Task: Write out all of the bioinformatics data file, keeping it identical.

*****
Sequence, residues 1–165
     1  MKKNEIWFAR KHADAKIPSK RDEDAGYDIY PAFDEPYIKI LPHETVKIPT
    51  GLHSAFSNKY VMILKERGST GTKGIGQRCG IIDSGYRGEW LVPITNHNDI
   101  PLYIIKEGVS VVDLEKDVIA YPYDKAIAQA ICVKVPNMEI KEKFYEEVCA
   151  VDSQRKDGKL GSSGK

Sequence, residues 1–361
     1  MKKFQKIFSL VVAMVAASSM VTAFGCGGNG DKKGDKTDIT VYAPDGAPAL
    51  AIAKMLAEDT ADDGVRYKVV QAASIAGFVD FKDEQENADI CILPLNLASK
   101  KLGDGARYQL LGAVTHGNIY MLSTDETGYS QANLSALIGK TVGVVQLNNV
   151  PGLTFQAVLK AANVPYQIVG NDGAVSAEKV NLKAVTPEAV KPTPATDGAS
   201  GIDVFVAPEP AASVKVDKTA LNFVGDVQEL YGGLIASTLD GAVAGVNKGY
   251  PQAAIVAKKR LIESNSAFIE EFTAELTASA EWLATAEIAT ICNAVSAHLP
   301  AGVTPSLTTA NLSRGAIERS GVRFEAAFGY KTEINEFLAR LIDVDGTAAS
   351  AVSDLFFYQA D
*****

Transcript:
Sequence, residues 1–165
     1  MKKNEIWFAR KHADAKIPSK RDEDAGYDIY PAFDEPYIKI LPHETVKIPT
    51  GLHSAFSNKY VMILKERGST GTKGIGQRCG IIDSGYRGEW LVPITNHNDI
   101  PLYIIKEGVS VVDLEKDVIA YPYDKAIAQA ICVKVPNMEI KEKFYEEVCA
   151  VDSQRKDGKL GSSGK

Sequence, residues 1–361
     1  MKKFQKIFSL VVAMVAASSM VTAFGCGGNG DKKGDKTDIT VYAPDGAPAL
    51  AIAKMLAEDT ADDGVRYKVV QAASIAGFVD FKDEQENADI CILPLNLASK
   101  KLGDGARYQL LGAVTHGNIY MLSTDETGYS QANLSALIGK TVGVVQLNNV
   151  PGLTFQAVLK AANVPYQIVG NDGAVSAEKV NLKAVTPEAV KPTPATDGAS
   201  GIDVFVAPEP AASVKVDKTA LNFVGDVQEL YGGLIASTLD GAVAGVNKGY
   251  PQAAIVAKKR LIESNSAFIE EFTAELTASA EWLATAEIAT ICNAVSAHLP
   301  AGVTPSLTTA NLSRGAIERS GVRFEAAFGY KTEINEFLAR LIDVDGTAAS
   351  AVSDLFFYQA D